What really underpins the value of an option is the volatility input which is what traders use to define risk. To an option’s trader, an estimate of future volatility ought to be as important as earnings estimates are to a security analyst. In terms of the math, volatility is simply a measure of how much the stock price is expected to vary from its current price. The input into the option pricing formula is the annual standard deviation of the stock’s price.
The problem is most option traders overlook volatility as a consideration when making investment decisions. Traders will simply buy calls if they are bullish on the outlook for the underlying stock or buy puts if they are bearish. But if traders pay too much for the calls or the puts, they discover that being right about the direction of the underlying stock is not enough. Most end up losing money on the position if they make an incorrect assumption about volatility.
That most individual option traders lose money over time, speaks to the importance of understanding volatility. The challenge is that most investors don’t understand when volatility is over or understated. For example, if I tell you that at-the-money options on Microsoft are implying a volatility of 21%, is that good or bad? Without a point of reference, it is impossible to know.
In the options market, you pay a premium to play the game. The option premium handicaps the underlying market, much like the spread handicaps the wager in a football game.
If we were making a bet on the outcome of a football game, and team “A” with a ten and one, record was playing team “B” with a one and ten, won loss record, we would expect team “A” to win the game based on their past records.
But if we were to make a bet on the outcome of the game, and the handicap was 60 points, that would dramatically alter our view of the outcome. While team “A” might win the game, in professional football, it is highly unlikely that team “A” will win by more than 60 points.
When we make investment decisions, we follow a similar process. We make decisions to buy or sell XYZ stock based on its’ history. You may choose to look at specific price patterns on a stock chart, or perhaps use fundamental analysis, or earnings estimates. But the decision to buy or sell is based on how the stock has historically acted given a specific set of circumstances.
We trust you see the problem. While we intuitively know that winning by 60 points in a football game is not reasonable, we do not have the same intuitive feeling about implied volatility. Is a 21% volatility assumption on say, Microsoft too high or too low?
One way around this is to translate implied volatility into an implied trading range. Without, of course, having to use a spreadsheet to determine the end result.
To deal with this, consider the following approach. We know for example, that Microsoft (symbol MSFT, listed Nasdaq) recently traded at $250 (all prices in US dollars). The Microsoft July 250 calls were trading at $7.50, and the Microsoft July 250 puts were trading at $7.00.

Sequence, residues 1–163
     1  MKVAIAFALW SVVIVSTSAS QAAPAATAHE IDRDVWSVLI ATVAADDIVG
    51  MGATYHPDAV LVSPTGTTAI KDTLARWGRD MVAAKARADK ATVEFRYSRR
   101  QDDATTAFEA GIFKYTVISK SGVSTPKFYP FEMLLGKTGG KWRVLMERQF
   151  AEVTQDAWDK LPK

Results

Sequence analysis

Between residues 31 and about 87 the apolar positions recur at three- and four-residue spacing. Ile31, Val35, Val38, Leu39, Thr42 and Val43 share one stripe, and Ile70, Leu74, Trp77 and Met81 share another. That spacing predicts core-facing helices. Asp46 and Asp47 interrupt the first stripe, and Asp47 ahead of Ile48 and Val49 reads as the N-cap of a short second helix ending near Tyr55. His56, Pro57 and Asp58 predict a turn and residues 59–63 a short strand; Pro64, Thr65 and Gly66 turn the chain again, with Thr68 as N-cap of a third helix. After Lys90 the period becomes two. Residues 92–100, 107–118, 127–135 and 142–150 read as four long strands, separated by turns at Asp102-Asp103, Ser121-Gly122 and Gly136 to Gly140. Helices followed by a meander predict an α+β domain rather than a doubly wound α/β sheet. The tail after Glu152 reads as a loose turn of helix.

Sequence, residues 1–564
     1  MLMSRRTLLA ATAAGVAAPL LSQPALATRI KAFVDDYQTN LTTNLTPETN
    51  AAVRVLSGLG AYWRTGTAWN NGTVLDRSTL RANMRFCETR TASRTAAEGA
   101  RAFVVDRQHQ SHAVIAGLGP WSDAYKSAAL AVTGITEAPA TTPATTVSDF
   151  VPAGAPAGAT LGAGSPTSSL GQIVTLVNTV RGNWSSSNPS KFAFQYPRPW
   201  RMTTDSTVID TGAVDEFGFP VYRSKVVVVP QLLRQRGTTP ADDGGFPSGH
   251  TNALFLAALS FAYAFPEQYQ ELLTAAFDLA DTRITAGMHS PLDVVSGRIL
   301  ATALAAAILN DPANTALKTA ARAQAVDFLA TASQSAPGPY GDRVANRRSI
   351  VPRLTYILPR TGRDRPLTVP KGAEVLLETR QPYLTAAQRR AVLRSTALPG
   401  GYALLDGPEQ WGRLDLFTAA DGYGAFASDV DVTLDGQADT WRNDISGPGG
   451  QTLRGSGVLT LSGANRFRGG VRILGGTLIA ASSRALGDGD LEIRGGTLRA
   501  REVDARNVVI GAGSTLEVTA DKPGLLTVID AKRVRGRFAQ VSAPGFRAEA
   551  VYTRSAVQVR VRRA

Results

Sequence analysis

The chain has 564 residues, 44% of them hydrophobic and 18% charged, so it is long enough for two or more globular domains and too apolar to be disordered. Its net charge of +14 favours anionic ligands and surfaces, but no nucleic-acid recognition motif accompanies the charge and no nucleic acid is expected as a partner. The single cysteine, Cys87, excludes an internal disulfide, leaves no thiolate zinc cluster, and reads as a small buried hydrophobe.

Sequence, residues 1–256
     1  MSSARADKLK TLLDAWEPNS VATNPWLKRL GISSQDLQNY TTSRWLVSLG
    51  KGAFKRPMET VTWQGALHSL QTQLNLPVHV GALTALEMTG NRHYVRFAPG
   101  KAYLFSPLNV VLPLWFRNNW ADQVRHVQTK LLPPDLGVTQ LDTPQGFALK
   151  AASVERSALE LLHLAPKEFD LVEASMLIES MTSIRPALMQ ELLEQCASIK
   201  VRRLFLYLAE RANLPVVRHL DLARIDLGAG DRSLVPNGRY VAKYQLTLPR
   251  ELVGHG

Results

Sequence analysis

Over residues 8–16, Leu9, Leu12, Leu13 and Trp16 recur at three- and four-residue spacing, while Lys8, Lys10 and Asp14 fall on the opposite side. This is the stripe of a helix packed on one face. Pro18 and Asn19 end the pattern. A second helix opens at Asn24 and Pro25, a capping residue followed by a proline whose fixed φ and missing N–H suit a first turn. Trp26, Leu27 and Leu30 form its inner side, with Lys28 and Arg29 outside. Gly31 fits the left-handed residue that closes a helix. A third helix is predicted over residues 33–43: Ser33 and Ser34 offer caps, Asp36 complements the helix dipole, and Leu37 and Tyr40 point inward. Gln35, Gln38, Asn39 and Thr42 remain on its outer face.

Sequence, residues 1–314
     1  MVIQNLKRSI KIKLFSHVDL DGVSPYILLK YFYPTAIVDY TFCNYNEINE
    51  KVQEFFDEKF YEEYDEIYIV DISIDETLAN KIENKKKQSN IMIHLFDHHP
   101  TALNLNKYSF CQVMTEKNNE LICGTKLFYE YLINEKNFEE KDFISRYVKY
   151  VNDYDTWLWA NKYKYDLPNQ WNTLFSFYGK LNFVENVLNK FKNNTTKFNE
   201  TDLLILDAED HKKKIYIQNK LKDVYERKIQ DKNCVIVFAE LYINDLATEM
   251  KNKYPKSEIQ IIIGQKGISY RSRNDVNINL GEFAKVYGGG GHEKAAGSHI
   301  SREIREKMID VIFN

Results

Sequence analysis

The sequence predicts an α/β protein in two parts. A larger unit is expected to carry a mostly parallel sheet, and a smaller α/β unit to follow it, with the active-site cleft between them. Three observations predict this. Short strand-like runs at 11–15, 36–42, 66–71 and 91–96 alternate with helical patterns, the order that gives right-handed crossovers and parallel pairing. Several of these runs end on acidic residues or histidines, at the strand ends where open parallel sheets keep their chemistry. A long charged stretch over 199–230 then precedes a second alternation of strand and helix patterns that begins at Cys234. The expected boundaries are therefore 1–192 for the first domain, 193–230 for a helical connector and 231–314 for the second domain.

Now, if you were to buy the Microsoft July 250 call and Microsoft July 250 put, your total cost for this position would be $14.50. Buying both of these options is referred to as a straddle which has no directional bias.
To that point, with a long or short straddle, the investor is not concerned whether the stock rises or falls. The call profits in a rising market, the put will profit in a declining environment. The only concern is whether Microsoft will move far enough before the July expiration so that you earn more than the total cost for the straddle. That becomes your implied trading range.
If you were to add the $14.50 cost of the Microsoft straddle to the strike price of the options, your upside breakeven is $264.50 with a downside limit of $235.50. That is the trading range that is being implied by the Microsoft July options (the last trading day for these options is July 16th).
The question is whether you think Microsoft is likely to breach either end of that trading range between now and the July expiration. If you think Microsoft is likely to be above or below the outer boundaries of that trading range, then you are effectively saying that the options on Microsoft are inexpensive relative to the volatility expectations. Similarly, if you think that Microsoft is unlikely to breach either end of that trading range before expiry that implies that Microsoft options are overvalued.
With that information, you can make an informed investment decision using options. If you are bullish on the short-term prospects for Microsoft you can buy calls or implement a bullish option writing strategy (i.e., a covered call write or a cash secured put). The choice of which strategy is appropriate depends on your view about whether Microsoft options are over or undervalued.
Richard Croft, Chairman & CIO